To me, the worst thing about Japanese MMA, was the ridiculous matchups they put on. I know that society is really into crazy stuff, but how well will it translate in the USA? Sorry, but in the long run, I think crazy matches will bring in a few new fans that stick with mma, but it also will isolate a few true MMA fans.

    I guess what I’m saying is the occasional pro wrestler, ex-NFL player, etc…, can be interesting. I just don’t want to see it on every card.

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  • Punishark says:

    Goldberg + “expert analysis” = oxymoron

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  • Grape Knee High says:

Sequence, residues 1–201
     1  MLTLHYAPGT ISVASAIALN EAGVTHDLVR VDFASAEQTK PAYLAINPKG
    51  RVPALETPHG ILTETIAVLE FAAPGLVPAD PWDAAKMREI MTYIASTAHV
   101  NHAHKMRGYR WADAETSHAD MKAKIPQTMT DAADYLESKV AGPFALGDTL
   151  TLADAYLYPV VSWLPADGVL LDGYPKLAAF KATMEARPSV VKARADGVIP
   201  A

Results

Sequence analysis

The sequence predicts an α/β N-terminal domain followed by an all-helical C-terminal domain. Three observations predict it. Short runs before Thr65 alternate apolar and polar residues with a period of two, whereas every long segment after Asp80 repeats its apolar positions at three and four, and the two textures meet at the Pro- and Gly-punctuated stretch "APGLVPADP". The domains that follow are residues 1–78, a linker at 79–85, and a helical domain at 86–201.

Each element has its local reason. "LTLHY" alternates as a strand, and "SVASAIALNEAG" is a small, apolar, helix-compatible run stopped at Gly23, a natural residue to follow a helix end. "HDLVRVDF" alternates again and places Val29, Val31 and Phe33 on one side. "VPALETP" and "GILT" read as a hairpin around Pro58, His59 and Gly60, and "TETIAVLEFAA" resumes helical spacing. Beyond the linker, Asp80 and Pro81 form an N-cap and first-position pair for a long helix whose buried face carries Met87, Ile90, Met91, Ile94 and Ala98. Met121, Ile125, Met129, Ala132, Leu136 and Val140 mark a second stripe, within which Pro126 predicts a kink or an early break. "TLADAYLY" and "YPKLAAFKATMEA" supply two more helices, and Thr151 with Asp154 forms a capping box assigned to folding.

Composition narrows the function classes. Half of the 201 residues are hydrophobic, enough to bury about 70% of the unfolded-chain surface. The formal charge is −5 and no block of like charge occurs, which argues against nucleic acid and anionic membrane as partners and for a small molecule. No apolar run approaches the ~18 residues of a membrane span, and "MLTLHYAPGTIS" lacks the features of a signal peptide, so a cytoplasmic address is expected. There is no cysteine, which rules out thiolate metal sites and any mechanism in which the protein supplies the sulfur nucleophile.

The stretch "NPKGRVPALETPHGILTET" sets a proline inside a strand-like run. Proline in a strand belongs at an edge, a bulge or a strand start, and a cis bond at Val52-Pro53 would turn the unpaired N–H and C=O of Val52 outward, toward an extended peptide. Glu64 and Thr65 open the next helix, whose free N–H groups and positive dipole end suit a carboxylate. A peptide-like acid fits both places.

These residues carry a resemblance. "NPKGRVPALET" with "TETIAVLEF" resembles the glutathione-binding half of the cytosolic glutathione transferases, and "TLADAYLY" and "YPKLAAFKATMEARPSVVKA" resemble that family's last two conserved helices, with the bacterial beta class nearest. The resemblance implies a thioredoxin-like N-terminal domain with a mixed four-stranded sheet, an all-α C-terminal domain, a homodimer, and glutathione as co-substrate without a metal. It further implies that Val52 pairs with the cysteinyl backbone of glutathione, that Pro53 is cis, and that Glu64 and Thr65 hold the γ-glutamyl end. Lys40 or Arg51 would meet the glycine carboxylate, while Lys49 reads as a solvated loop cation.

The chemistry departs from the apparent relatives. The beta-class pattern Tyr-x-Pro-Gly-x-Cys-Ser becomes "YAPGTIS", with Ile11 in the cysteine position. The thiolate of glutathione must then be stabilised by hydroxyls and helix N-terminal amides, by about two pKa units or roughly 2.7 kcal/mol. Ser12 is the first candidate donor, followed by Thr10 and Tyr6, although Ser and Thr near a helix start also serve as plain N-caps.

“Brock Lesnar and Kimbo Slice. They are without question the two most experienced main-event fighters in mixed martial arts today.”

    Um. Maybe you meant “inexperienced”?

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  • Adam Morgan says:

    I don’t think he meant MMA experience, I think he meant that they have experience headlining big time shows.

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  • Sam Caplan says:

    Nope, I meant inexperienced. It somehow slipped by me while editing. I sent in a note to have it corrected.

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  • Terrence says:

    Sam,
    Good article. Which do you think puts up bigger numbers: Kimbo vs. Lesnar, or Randy vs. Fedor? (Assume the same promoter is doing both hypothetical shows, whomever that might be.)